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Current perspectives on (digital) assessment

Documentation from Lunch 'n' Learn December 1, 2021

Published Dec 07, 2021

Assessment for learning can be done in many different ways. During the webinar, Ida Naimi-Akbar, doctoral student and lecturer at Learning in STEM, presents and problematizes some of the perspectives on (digital) assessment for learning.

(References to the literature on which the presentation is partly based can be found at the end of the page)

Table of contents for the video (presentation)  

Please note that the videos are in Swedish.  

Here is a list of links that serve as a table of contents for the recording. Click on the link for the part you want to watch. When you get to KTH Play, click on the play button, and the video will start in the right place. All links lead to KTH Play.

Related content and further reading


KTH's long-term strategy - Vision 2027

Learning in STEM

Book tips

"Re-imagining University Assessment in a Digital World" ( . Bearman, M., Phillip, D., Rola, A., Tai, J., & Boud, D. (2021). Springer.


"Outcome based education enacted: teachers' tensions in balancing between student learning and bureaucracy" (KTH's publication database DiVA) . Barman, L., Silén, C. & Bolander Laksov, K. (2014). Advances in Health Sciences Education, 19(5), 629-643.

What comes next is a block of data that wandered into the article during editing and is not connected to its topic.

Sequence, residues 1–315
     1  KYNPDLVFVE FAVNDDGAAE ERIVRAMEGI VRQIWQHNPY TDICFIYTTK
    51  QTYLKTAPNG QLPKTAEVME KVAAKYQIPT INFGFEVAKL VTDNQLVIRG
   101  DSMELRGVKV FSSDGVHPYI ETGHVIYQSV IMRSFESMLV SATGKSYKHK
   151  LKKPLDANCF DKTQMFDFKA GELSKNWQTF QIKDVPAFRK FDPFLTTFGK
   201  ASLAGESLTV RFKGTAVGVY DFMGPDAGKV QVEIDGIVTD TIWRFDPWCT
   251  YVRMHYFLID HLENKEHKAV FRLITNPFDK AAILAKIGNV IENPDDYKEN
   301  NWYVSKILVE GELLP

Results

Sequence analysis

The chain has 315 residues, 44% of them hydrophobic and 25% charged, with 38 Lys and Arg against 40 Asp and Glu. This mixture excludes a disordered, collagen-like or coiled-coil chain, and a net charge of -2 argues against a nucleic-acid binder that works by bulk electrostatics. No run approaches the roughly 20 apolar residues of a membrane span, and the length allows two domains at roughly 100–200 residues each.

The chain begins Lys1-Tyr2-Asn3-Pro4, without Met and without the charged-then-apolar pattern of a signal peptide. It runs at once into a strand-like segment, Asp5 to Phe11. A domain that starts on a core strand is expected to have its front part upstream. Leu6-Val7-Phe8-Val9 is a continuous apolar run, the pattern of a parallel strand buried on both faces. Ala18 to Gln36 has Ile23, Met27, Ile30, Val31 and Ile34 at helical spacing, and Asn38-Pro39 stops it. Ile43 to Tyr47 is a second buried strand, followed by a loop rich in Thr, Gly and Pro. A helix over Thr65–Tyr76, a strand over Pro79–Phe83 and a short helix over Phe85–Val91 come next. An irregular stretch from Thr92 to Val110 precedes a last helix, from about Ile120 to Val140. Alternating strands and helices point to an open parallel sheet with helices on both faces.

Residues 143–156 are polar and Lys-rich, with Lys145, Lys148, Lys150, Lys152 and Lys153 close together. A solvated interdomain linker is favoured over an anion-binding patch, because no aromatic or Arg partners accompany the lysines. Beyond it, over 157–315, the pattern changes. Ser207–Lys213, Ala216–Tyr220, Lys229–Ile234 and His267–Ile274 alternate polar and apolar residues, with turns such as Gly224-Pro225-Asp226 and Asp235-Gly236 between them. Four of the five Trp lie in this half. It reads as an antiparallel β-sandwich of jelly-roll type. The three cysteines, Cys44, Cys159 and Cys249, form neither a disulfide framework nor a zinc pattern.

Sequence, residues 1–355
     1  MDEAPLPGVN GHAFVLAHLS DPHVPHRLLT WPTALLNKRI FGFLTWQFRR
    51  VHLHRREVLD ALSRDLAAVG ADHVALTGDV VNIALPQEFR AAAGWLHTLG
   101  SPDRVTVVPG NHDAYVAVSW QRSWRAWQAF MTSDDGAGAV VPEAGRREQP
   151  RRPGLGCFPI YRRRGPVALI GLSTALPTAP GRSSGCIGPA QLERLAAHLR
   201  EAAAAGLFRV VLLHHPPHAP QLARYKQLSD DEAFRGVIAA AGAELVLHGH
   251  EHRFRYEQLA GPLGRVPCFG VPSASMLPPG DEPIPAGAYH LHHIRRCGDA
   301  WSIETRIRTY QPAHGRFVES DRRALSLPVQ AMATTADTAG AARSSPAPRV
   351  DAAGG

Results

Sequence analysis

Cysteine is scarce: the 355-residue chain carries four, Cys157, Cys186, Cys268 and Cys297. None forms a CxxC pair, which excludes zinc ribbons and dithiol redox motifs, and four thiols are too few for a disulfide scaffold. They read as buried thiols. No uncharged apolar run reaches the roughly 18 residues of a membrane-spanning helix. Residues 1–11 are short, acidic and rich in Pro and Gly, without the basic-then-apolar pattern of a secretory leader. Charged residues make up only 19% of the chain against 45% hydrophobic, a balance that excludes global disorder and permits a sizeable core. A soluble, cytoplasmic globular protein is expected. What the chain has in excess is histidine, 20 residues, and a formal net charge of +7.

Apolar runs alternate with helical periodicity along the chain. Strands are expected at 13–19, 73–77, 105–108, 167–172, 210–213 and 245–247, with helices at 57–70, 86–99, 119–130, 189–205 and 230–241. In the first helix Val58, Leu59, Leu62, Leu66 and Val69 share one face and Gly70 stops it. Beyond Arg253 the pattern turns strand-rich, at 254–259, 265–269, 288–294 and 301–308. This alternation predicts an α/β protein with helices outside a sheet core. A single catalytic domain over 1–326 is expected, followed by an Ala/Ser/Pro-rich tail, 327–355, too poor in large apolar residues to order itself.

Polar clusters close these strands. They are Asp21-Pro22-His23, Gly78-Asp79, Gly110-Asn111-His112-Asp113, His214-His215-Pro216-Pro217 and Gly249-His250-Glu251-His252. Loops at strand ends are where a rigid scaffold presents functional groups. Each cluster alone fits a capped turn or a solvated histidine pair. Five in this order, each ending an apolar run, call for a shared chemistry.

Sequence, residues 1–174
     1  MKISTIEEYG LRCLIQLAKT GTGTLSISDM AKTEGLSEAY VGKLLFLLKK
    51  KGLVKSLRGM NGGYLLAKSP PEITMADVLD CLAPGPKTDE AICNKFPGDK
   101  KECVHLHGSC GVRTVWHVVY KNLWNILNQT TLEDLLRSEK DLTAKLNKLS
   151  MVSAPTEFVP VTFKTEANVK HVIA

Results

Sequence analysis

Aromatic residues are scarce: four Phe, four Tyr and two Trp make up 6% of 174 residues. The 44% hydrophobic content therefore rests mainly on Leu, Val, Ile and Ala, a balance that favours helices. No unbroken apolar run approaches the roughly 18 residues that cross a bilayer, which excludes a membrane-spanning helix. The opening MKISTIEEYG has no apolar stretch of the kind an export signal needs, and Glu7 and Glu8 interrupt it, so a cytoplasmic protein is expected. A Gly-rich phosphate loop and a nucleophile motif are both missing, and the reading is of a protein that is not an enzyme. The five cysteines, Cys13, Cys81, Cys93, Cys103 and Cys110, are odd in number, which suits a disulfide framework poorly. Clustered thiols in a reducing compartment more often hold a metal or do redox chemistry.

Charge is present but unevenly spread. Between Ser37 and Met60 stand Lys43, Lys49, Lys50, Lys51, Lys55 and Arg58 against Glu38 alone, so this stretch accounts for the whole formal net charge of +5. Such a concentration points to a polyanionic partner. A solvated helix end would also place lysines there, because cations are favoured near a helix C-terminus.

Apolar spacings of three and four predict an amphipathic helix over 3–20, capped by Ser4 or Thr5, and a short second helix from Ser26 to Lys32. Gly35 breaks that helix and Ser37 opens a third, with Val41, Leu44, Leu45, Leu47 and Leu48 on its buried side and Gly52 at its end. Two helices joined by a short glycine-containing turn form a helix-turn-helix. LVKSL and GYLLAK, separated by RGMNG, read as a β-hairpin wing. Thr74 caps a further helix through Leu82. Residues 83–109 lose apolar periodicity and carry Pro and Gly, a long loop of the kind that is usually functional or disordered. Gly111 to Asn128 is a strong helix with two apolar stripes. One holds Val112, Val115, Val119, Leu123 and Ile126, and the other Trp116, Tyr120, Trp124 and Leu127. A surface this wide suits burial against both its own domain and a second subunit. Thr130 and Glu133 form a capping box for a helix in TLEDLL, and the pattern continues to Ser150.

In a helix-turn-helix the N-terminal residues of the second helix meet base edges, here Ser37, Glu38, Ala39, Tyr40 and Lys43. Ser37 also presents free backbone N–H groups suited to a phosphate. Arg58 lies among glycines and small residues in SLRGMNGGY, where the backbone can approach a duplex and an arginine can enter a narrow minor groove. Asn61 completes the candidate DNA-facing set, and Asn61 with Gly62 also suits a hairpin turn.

"Elaborating a framework for communicating assessment aims in higher education" ( . Thomas, D., Moore, R., Rundle, O., Emery, S., Greaves, R., te Riele, K., & Kowaluk, A. (2018). Assessment & Evaluation in Higher Education, 44(4), 546–564.

Summary of contents

The webinar takes a starting point in KTH’s vision 2027, where the education is described as innovative and taking advantage of digitalization. This of course also includes how student’s performance is assessed. Assessment, digital or not, needs to be addressed early in the design process of the course and be in line with the purpose of what is actually assessed. And, in order to stay relevant also assess the type of knowledge and skills that are important after the students graduate from KTH. The perspectives brought up in the webinar is briefly described in the following sections, watch the recording for the in depth perspective.

Digital assessment

Digital assessment includes that the full or parts of the assessment is digitally mediated and managed, taking advantage of what digital tools has to offer us today. Reflections, brought up in the webinar, are from experiences of working with teachers and could be summarized that digitalization could be: To replicate a previous analog assessment digitally, a (digital) transformation of the form of how the assessment is carried out, or be a (digital) transformation of what is actually assessed.

Authentic assessment

Authentic assessment takes place in a situation that is as similar to real life situations, i.e. how the student actually can apply their knowledge once they have graduated. What and how the student learn is affected by how they will be assessed and therefore authentic assessment is a good approach for student’s learning. This could for example be project courses, with a good blend of what is given to the student and what they need to find out themselves.

Continuous examination

Continuous examination is carried out by doing assessment throughout a course, e.g. with laboratory experiments, smaller partial exam etc. When designing for continuous examination it becomes important that the assessment create a whole that utilizes the different parts of the assessment. By utilizing continuous examination, the student is encouraged to study throughout the course, which also strengthens the retention of gained knowledge.

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Last changed: Dec 07, 2021